Printer Friendly

The Economic Theory of Structure and Change.

This book is about economic structure, the long-lived social and technological relations which propel and constrain economic activity and change. More precisely, it is about production structure, the input-output relations which link an economy's sectors. More precisely still, it is about models of production structure in economic theory, the visions of economic purpose which alternative models reveal, and the dynamics of system development which alternative models engender. In an earlier work, Foundations of Economics: Structures of Inquiry and Economic Theory, Baranzini and Scazzieri identify two competing lines of research in the advance of economic knowledge, one emphasizing social organization and production, the other emphasizing exchange, allocation, and choice. These classical and neoclassical perspectives reappear in the present volume, providing insights into changing economic structure and changing economic theory.

The book proposes classification schemes for a science of political economics, much in the tradition of Adolph Lowe's work On Economic Knowledge. Its nine demanding essays examine and extend theories of economic structure framed by Hicks, Leontief, Lowe, and Pasinetti on foundations laid by Boehm-Bawerk, Jevons, Marx, Quesnay, Ricardo, Smith and Walras. Contributions and challenges to the theory of economic structure and, in the nested spirit of this work, to the structure of economic theory, by Allais, Keynes, Schumpeter, and Sraffa are extensively treated as well. The volume's breadth and focus are conveyed by its contents: 1) Economic structure and political institutions by Lorenzo Ornaghi; 2) Economic structure and the theory of equilibrium by Takashi Negishi; 3) Structure and change within the circular theory of production by Heinrich Bortis; 4) Specification of structure and economic dynamics by Michael A. Landesmann and Roberto Scazzieri; 5) Vertical integration, growth and sequential change by Jean Magnan de Bornier; 6) The structural theory of economic growth by Harald Hagemann; 7) Economic theory and industrial evolution by Michio Morishima; 8) Production process and dynamic economics by Nicholas Georgescu-Roegen; and 9) Economic structure: analytical perspectives by Mauro Baranzini and Roberto Scazzieri.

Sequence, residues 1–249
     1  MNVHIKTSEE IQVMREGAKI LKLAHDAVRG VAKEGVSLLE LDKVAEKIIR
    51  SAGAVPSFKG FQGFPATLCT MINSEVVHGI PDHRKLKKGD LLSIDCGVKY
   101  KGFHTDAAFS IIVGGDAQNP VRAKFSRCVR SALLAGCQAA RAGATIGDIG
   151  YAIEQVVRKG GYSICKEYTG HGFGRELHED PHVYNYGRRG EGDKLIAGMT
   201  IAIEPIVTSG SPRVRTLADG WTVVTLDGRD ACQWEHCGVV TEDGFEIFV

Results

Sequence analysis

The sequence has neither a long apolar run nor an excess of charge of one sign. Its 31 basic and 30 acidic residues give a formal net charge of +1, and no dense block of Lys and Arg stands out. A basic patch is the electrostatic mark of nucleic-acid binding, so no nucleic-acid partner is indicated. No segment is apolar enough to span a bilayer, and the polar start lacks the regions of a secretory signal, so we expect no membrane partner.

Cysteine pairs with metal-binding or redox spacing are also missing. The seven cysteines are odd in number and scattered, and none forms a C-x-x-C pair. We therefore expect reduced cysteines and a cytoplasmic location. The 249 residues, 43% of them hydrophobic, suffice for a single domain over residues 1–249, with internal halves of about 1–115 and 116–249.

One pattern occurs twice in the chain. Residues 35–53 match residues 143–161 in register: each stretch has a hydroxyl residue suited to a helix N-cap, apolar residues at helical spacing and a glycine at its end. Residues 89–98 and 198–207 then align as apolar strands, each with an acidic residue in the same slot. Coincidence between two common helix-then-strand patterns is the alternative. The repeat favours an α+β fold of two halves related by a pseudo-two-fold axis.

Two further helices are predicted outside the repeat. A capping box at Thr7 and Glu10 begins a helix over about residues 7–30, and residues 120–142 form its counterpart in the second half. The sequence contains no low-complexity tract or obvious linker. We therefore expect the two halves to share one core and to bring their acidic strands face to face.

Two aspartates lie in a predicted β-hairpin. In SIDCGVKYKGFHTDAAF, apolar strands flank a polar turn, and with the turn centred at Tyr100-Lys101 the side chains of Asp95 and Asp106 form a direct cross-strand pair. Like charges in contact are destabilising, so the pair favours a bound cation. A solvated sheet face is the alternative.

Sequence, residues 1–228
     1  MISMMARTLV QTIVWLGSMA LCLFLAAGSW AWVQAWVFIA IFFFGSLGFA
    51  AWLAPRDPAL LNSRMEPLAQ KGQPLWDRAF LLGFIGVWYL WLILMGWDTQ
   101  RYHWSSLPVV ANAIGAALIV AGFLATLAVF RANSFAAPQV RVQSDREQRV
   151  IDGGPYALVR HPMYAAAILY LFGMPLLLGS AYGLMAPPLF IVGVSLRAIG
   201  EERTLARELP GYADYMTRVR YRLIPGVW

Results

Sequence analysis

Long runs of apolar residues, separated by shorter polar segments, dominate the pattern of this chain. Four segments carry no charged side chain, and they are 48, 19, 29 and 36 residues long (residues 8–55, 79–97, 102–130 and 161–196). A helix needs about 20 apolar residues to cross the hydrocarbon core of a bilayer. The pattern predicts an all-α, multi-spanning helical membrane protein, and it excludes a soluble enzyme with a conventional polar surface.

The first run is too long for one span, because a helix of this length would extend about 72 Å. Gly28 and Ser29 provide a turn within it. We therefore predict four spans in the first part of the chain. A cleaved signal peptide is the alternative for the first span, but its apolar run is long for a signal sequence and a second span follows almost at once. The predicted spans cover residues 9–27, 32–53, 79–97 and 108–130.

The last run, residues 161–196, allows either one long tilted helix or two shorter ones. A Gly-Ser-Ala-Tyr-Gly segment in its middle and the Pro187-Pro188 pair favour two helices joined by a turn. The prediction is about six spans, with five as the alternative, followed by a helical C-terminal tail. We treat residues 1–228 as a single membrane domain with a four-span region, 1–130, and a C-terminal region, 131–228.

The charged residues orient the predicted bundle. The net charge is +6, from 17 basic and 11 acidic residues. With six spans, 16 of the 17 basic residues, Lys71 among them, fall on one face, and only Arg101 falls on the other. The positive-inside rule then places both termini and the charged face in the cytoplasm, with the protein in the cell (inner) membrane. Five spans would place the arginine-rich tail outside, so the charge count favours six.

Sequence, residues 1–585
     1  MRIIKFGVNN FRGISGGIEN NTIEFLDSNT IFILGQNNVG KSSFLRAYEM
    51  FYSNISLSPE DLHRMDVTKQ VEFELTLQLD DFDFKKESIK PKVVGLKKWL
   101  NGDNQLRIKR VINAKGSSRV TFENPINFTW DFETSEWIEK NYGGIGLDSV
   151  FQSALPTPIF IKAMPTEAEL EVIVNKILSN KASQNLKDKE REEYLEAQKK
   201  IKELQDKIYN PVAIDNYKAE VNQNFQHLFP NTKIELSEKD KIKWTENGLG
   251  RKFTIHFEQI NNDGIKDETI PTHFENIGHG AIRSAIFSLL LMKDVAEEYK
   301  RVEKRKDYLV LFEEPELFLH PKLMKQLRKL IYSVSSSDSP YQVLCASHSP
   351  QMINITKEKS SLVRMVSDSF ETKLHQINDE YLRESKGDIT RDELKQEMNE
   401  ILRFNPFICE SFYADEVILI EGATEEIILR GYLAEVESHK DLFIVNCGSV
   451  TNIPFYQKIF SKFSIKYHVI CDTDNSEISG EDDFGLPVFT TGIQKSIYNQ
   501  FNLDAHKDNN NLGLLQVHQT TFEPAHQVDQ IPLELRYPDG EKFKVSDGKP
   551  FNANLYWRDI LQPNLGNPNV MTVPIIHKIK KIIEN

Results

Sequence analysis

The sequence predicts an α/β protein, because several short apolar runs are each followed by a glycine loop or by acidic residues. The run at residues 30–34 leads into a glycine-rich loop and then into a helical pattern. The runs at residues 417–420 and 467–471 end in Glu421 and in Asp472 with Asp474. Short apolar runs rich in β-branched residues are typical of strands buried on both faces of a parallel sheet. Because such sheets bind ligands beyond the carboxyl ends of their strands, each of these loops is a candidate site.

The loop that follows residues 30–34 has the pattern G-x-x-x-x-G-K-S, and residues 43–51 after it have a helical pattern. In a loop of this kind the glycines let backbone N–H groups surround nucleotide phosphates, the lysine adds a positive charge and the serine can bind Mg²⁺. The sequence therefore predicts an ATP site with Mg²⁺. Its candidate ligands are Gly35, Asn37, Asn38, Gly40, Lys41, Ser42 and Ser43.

Bortis introduces two useful dichotomies for studying economic structure and change. He distinguishes between linear and circular models of production, concepts he borrows from Sraffa, and between vertical and horizontal causality, concepts he traces to Keynes. Production is driven by individual pursuit of final goods in the linear models of neoclassical and Austrian economics; commodities merely sustain the social process of production in the circular models of classical and Keynesian economics. Bortis views economic relations as layered. Long-run institutional relations underlie medium-run technological relations underlie short-run market relations in his geological metaphor. Vertical causality cuts through these layers at an instant of time; outcomes are simultaneously and timelessly determined by all relations in a system.